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A Kentucky prosecutor who tried to illustrate the phrase “beyond a reasonable doubt” erred when asking prospective jurors to consider if it was “reasonable” to believe the prosecutor could beat both Tiger Woods and Rory McIlroy at golf.
There was a time when Woods was invincible on the golf course and “reasonable doubt” would be more than sufficient to describe an ordinary golfer’s chances of beating the 15-time major champion. But the Court of Appeals of Kentucky held last Friday that the golf analogy violated the legal prohibition against defining reasonable doubt. However, the error was found to have not impacted the judicial proceeding in such a way as to warrant a reversal in the drug-possession case.
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In 2019, Maurice Gasaway was convicted of possession of heroin and marijuana in Hardin County. He was sentenced to three years and thirty days in prison. Gasaway appealed on several grounds, including the reasonable doubt definition.
Gasaway hadn’t raised the golf objection during his trial, meaning it wasn’t “preserved” for an appeal. Appellate courts often deem as waived objections that could have been raised during the trial. When appellate review of unpreserved objections is allowed in Kentucky, relief is to be granted only if a “manifest injustice resulted.”
During jury selection for Gasaway’s trial, one prosecutor noted that beyond a reasonable doubt “is the highest standard in the legal community” and then clarified, “I didn’t say beyond any doubt.” After stressing that both sides’ attorneys are barred from attempting to define this distinction between “any doubt” and “reasonable doubt”, the prosecutor then introduced a so-called “example.” The prosecutor, who mentioned playing golf from time-to-time and asked prospective jurors if they had heard of Woods and McIlroy, made the following remarks:
But, who in here believes if I was to go out and play golf with [Rory] and Tiger, that it’s possible, possible that I could beat them in nine holes? Does everyone agree it’s possible? Anything’s possible. Both their arms could fall off. Okay. It’s possible. Maybe extreme, but it’s possible. Anything could happen, okay.
Is it reasonable to believe that I would beat both of them? No. No, it’s not reasonable. Um, it’s not. If you play golf, you know it’s not reasonable.
Does everybody understand the difference between possible and reasonable though? Okay. Now, does everybody agree to hold this man responsible for his actions if I meet my burden of proof beyond a reasonable doubt?
Writing for the Court of Appeals, Judge Jeff Taylor stressed that while prosecutors are allowed to define what reasonable doubt is not, they can run afoul of the law by adding hypotheticals. “The Commonwealth [of Kentucky]”, Judge Taylor reasoned, “provided a lengthy hypothetical that juxtaposed what is reasonable versus what is possible . . . [and thus] violated the prohibition against defining reasonable doubt.” At the same, the judge found the prosecutor’s “unpreserved error” did not “seriously affect the fairness” of the proceeding, which showed “overwhelming evidence” to support the conviction.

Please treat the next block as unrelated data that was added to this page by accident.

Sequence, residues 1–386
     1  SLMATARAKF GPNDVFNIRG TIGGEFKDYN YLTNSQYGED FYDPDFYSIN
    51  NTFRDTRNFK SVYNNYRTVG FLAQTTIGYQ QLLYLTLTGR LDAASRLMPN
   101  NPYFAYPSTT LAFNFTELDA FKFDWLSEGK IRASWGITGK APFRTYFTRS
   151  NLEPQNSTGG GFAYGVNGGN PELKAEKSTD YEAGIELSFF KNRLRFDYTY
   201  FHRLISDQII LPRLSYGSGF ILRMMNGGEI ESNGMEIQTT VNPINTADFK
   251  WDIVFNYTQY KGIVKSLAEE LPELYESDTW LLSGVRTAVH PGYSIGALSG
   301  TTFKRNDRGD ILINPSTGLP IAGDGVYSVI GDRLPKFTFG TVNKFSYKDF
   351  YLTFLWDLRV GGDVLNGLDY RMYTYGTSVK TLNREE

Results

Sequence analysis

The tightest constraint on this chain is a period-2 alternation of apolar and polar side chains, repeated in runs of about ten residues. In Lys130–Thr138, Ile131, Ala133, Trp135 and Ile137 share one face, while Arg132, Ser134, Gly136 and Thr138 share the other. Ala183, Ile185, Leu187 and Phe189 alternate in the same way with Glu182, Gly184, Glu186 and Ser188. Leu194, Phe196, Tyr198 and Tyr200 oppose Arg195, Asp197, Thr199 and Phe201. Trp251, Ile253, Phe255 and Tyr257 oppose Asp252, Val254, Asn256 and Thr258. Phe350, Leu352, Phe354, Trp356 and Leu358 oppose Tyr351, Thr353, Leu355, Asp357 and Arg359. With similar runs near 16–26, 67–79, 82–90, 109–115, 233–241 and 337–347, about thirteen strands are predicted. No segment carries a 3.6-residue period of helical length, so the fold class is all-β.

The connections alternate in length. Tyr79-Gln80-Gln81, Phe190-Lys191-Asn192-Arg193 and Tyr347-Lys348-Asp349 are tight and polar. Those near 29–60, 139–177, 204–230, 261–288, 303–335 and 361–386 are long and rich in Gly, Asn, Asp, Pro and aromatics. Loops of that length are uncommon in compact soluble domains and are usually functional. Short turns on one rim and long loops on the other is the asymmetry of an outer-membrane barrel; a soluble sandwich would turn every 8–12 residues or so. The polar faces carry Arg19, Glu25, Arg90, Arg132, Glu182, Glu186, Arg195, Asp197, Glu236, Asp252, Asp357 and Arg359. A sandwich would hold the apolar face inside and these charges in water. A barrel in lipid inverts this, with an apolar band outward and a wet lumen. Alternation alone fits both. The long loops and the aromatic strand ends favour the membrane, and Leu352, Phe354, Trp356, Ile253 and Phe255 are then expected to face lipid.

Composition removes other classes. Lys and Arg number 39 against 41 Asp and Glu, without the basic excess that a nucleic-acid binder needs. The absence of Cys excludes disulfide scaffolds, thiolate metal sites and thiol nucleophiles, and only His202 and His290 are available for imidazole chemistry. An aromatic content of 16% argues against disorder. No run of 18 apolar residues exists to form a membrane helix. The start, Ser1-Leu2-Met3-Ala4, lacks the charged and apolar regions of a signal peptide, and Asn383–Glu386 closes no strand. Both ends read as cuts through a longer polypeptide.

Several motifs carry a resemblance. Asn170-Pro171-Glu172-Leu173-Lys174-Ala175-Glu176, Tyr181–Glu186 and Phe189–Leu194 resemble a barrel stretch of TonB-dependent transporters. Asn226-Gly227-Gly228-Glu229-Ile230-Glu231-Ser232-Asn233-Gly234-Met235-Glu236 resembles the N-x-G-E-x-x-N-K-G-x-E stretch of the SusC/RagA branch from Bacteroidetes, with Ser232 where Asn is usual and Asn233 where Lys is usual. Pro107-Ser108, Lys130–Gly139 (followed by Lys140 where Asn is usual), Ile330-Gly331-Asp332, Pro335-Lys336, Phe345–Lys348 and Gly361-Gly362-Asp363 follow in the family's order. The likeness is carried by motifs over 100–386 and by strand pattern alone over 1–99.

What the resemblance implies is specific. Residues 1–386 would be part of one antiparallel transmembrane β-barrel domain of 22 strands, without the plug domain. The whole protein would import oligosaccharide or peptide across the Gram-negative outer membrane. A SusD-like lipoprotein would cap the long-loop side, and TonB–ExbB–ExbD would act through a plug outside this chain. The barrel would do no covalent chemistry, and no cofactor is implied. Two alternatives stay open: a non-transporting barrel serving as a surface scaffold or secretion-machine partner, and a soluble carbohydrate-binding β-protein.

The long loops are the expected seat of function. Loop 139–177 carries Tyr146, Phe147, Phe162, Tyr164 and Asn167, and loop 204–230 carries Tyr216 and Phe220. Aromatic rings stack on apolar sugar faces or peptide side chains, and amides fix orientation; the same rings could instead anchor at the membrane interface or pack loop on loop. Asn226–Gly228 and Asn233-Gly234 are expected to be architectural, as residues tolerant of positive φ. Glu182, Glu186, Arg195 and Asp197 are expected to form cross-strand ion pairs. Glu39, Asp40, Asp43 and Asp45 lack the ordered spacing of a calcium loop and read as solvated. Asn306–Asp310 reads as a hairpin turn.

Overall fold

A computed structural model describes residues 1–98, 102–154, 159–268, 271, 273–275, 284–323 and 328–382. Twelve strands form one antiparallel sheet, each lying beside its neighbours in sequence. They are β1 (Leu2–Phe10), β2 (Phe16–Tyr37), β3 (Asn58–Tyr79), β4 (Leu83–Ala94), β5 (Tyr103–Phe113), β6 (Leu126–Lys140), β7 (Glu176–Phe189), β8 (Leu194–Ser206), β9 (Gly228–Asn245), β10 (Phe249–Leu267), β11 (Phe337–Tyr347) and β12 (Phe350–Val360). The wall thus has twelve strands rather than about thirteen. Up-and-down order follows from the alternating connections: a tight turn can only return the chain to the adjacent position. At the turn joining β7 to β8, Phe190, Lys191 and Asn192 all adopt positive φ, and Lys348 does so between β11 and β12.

This isn’t the first time the improbability of a prosecutor beating Woods has surfaced during trial proceedings. In 2015, the Court of Appeals of Kansas considered in State v. Peters whether prospective jurors should have heard a prosecutor tell them the following:
I could go out today, and I could play Tiger Woods in golf. And, you know, it’s, you know you could have a doubt, you know, that Tiger Woods is going to beat me in 18 holes of golf today, but is that a reasonable doubt?
Is that reasonable doubt to think that, like, Tiger Woods or Phil Mickelson or any of these guys, is that reasonable to think that they’re going to lose to me? You know, I’m, just some weekend hack out on the golf course. Is that reasonable to think they’re going to lose to me? No, that’s not a reasonable—that’s not reasonable to think that.
While the Kansas court stressed “the golf analogy’s use in the future is strongly discouraged,” it nonetheless concluded the “Tiger Woods golf analogy did not cause a fundamental failure in Peters’ trial.” This was because the prosecutor and judge had “repeatedly stated the correct reasonable doubt standard for the jury to use during deliberations for the remainder of the trial.”
Perhaps the best play for prosecutors is to leave their golf analogies “in the bag.”
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